From there you can create the user database and the corresponding rules. That determines who may to run the server daemon and what you will allow her to scan (a machine, a network...). The rules are of the form "accept" or "deny" followed by a network IP address with its netmask.
For example : accept 192.168.1.0/24, allows the user to test the whole 192.168.1 network.
It's also possible to define one single user with no rules at all. If you wish to allow various users to run nessusd, you'll have to be very careful about what you allow them to do. You can't let everybody do everything on your network, can you ?
Last, nessusd relies on a configuration file (usually) found in /usr/local/etc/nessus/nessusd.conf. You can change this file by hand - as soon as you know what you're doing.
After configuring and starting the demon, you can start the nessus client to connect to the nessusd server.
One way to run the client is to type "nessus &" in a shell. This opens the nessus
setup window after asking for the above mentioned passphrase. This window provides you with seven tabs.
The first tab is called "nessusd host". From it you can connect to the nessusd host clicking on the "Log in" button. Of course, this assumes you're allowed to connect as this user, in other words, that your username exists in the user database.
When you start the scan, nessus opens a window displaying the scan status.
For example, let's say you are testing a whole network, called
192.168.1.0/24. Eight machines (hosts) will be displayed at once,
showing which plugin is used for which machine and a progress gauge.
It looks like this:
Plugins are the "heart" of nessus. They are security tests - that is test programs to
discover a given vulnerability. NASL (Nessus Attack Scripting Language) is the
recommended language to write security tests. You'll find a lot about NASL going
to this URL : http://www.nessus.org/doc/nasl.html.
Accordingly, if you want to contribute to the nessus project writing plugins, this is where you'll find the right information. At the time of this writing, there are 756 plugins in nessus' database !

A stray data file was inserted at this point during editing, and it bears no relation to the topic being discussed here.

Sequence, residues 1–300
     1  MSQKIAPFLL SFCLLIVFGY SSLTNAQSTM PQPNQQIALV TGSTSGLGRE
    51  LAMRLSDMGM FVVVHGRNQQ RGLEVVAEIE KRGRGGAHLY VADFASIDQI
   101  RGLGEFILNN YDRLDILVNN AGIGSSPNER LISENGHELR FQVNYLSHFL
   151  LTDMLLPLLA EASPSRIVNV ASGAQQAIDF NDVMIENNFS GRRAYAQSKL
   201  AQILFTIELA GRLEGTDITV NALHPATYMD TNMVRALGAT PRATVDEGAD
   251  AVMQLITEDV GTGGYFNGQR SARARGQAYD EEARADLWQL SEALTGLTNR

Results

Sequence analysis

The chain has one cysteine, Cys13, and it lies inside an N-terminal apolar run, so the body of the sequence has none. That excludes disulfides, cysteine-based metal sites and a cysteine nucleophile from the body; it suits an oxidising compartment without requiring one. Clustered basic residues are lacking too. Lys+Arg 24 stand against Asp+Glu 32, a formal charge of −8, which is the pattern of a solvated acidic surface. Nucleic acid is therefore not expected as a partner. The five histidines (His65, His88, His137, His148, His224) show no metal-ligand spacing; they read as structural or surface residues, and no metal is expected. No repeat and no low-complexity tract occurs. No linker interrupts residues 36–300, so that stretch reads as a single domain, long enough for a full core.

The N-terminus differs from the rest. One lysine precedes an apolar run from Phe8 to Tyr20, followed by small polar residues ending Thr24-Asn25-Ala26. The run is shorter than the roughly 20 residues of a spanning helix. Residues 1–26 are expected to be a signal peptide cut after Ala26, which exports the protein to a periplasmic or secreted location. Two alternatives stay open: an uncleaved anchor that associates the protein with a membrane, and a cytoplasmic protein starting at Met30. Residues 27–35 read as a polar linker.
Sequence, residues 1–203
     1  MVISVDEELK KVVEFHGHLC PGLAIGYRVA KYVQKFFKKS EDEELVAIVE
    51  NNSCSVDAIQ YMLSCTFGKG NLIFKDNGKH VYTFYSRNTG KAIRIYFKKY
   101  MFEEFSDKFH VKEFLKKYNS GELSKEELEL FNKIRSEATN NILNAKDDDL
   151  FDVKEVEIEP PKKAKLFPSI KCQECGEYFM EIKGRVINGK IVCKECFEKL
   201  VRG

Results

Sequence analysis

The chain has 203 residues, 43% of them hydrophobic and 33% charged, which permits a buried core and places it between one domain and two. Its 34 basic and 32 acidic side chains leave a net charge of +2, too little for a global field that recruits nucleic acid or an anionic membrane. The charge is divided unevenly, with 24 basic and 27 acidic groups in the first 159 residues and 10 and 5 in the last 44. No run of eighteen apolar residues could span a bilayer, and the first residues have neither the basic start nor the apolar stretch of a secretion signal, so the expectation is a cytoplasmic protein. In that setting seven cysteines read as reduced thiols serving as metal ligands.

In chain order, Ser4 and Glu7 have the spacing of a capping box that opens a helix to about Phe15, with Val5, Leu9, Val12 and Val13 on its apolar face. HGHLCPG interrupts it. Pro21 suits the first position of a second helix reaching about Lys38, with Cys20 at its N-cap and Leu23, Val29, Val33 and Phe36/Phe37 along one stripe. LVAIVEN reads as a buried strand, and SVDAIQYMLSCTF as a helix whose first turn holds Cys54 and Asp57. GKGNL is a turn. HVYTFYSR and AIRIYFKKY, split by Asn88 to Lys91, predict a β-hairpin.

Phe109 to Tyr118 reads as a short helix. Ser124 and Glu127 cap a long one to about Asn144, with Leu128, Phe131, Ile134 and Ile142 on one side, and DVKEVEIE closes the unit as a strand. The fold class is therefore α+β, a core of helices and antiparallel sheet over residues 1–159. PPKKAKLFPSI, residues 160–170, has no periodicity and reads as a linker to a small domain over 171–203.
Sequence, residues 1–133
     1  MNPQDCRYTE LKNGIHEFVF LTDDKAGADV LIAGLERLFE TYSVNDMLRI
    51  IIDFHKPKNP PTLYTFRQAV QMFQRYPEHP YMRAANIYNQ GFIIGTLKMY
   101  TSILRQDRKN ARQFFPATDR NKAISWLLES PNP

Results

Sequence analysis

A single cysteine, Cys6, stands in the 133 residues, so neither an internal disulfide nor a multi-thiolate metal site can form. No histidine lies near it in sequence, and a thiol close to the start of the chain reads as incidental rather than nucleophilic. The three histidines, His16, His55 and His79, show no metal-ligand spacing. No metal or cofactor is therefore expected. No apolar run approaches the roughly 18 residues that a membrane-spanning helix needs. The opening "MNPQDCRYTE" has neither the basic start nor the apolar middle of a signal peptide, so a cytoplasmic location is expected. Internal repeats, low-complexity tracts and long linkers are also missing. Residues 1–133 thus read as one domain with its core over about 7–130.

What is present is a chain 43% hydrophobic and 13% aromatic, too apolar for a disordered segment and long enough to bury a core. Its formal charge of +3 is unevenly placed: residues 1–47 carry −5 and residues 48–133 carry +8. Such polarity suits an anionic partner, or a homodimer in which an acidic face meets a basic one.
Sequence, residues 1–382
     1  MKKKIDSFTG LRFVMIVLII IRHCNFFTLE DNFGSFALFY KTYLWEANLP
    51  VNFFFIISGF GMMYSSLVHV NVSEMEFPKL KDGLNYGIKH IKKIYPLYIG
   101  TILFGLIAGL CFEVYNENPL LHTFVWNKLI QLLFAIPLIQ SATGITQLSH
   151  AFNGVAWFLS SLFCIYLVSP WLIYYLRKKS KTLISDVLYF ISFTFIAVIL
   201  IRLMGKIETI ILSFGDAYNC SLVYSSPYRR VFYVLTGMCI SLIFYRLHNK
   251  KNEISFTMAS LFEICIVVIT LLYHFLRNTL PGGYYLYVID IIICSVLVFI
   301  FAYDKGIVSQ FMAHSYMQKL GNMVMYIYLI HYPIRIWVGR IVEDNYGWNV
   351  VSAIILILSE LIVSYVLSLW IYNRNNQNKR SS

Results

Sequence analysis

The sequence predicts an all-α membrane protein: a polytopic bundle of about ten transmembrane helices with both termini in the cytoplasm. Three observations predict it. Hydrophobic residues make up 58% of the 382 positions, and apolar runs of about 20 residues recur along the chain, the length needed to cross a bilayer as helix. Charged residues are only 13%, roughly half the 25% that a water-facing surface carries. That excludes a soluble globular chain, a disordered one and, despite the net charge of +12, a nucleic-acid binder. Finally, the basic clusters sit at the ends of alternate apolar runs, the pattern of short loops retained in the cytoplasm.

There are almost 20 plugin families : backdoors, denial of service, gain root remotely... As already mentioned, each plugin reports information. It tells you what's wrong and what you should do to correct the problem.
We can't talk about plugins without mentioning CVE (Common Vulnerabilities and Exposures). It's a huge information database available from http://cve.mitre.org. There you'll find all the details about known security risks. Another great place to share knowledge. This website is the absolute reference that you must visit.
Of course, there's a lot to say about nessus plugins, but a book wouldn't be enough. A good way to understand how they work and how they are written is to read them from your /usr/local/lib/nessus/plugins directory. Thanks again to Renaud Deraison and contributors for doing such a great job.
Even if this title sounds like Monty Python, unfortunately there is no humor
in it. The three or four people reading my articles know about my usual
off-topic sentences : this time, it's a whole section ! Is it really off-topic,
that's another story. Let's go.
Since I'm quite interested in computer security, I often visit the dedicated websites. Sometimes to learn about new vulnerabilities or to discover new security tools. Incidentally, I found a few products based on an online scanning service. In fact they call themselves (at least for now) ASP (Application Service Provider). If you go a bit further, you quickly discover that the engine behind the service is nessus. So far, so good. However, when trying to find the explicit information you can't see the word "nessus". That's where I'm hurt !